But Grillo’s real path to both local and international recognition started when he became a student of the Nigerian College of Arts, Science and Technology – often known as NCAST – when the institution was moved from Ibadan to Zaria. It was while at NCAST in Zaria that he became one of the trendsetting members of the Zaria Art Society, which paved the aesthetic direction for contemporary Nigerian art with the espousal of an ideology or concept it called “Natural Synthesis”.
No, the society did not invent the concept. This, Grillo once stressed in an interview. It only went along with the flow. “It more or less provided the packaging,” the man who was the pioneer president of the Society of Nigerian Art explained. “Everybody… agreed that if you were a Yoruba, you didn’t have to throw away your Yoruba background. We envisioned a kind of synthesis that would bring out the art from our ‘tribal’ enclaves and put them on the platform of national significance.”
Natural Synthesis, he added, “is so natural that one doesn’t need to talk about it. It is something that comes naturally with any sincere artist, any artist who is self-examining, any artist trying to discover himself. It has to be ‘Natural Synthesis’ if it has to be sincere.”
To further explain the concept, he had likened it to a well laid-out buffet table. From this table, the connoisseur would always take what appealed to him. “Your body process digests all [that you have eaten] and eliminates so much it doesn’t need.”
In the same vein, an artist could become so integrated with his work that it becomes easily identifiable as his. Of course, there was also the fact that people could assimilate the same artworks differently according to their nature. “It is your spirit. What you reject could be what another person assimilates.”
Beyond the years in Zaria, where he received a diploma in fine arts and a post-graduate diploma in education, Grillo also attended informal classes under Paul Mount at the Yaba Technical Institute in Lagos and later went further studies outside Nigeria in the UK, Germany and the US.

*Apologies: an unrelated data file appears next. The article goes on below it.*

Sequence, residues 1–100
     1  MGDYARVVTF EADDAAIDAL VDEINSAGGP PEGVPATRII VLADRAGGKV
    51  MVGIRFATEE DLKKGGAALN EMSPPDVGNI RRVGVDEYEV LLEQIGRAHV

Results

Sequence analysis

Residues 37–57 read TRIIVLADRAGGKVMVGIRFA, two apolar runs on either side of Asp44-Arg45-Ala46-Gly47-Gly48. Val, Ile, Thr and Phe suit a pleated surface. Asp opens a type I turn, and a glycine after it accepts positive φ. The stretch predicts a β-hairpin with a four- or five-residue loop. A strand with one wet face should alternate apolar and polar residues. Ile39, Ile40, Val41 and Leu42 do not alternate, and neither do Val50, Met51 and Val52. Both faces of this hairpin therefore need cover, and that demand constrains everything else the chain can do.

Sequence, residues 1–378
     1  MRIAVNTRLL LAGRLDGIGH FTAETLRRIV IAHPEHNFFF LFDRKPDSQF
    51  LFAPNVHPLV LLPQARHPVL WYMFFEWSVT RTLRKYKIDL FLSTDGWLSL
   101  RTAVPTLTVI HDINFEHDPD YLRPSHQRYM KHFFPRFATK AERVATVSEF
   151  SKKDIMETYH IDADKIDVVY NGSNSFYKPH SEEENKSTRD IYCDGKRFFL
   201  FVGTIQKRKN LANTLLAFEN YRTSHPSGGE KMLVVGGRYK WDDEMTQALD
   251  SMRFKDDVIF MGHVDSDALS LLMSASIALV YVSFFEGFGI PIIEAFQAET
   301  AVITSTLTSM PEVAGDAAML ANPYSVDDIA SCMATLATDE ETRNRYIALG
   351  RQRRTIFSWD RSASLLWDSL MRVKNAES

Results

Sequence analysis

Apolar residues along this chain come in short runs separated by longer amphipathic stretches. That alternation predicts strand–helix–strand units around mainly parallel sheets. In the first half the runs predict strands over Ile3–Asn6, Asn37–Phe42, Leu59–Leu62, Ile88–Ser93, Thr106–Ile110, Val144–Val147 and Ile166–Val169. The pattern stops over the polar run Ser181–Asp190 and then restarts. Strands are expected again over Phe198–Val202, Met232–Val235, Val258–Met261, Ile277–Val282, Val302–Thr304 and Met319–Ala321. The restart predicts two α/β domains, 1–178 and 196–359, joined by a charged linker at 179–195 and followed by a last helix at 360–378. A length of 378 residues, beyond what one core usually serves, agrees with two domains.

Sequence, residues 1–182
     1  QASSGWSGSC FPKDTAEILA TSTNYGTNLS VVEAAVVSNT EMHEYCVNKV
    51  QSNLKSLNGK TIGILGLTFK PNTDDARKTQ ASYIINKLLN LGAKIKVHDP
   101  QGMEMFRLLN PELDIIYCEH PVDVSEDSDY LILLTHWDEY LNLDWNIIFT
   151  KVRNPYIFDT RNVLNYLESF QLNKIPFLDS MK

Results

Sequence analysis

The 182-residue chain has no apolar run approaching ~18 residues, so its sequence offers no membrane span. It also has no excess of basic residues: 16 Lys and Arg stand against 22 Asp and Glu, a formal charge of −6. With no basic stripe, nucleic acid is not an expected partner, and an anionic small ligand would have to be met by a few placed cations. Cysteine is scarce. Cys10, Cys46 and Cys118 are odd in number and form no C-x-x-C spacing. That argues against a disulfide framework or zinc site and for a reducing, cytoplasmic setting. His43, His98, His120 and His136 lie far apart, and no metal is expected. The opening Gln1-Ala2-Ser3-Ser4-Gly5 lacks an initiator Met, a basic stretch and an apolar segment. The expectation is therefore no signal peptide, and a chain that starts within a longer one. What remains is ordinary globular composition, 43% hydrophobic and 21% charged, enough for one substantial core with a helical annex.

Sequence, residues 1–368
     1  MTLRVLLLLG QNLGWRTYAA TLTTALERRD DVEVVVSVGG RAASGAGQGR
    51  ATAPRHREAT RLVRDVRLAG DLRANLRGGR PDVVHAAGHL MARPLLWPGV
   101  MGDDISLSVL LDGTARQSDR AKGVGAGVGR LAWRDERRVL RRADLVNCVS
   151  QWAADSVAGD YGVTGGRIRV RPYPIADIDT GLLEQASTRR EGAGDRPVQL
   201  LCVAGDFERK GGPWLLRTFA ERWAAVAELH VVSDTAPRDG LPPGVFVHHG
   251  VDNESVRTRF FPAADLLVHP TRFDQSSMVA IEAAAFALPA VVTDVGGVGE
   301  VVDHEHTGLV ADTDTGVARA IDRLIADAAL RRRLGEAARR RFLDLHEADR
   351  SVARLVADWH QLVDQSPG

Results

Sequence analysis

Nonetheless, the “Natural Synthesis” principle remained the theme song of his decades-long studio practice. This fact was corroborated by an essay – published in the exhibition catalogue of Igi Araba (a retrospective of his works organised by Arthouse, The Space) – written by the artist, critic and art historian Dr Kunle Filani. “Grillo’s creative adaptation of themes situates the universal in the local, while the indigenous is also made global,” Dr Filani wrote. “He espouses a humanistic philosophy that recognises human beings as social animals with a generic attitude to life. Grillo uses Yoruba culture as a humanising pedestal to unify divergent races, religions and societies.”
Perhaps, one of the most easily recognisable features of Grillo’s paintings was the use of blue colours – as a nod to the Yoruba textile tie-dye pigments – which is complemented by tints of blue and violet. There was also the generous use of perspective lines, which Grillo himself said was “a salute to Pa Aina Onabolu, whose main subject when he was teaching was PERSPECTIVE-ONE POINT (Parallel Perspective) and TWO POINTS (Angular Perspective).” And despite his Islamic faith, he was famous for his stained-glass paintings, which are based on biblical narratives, and adorn several churches.
Even after he departed from this earth-life – and the subsequent burial of his physical body the same day following the dictates of Islamic rites – the impressions of his exemplary honesty, integrity and sartorial preference for white short-sleeved suits would remain indelible in the consciousness of many.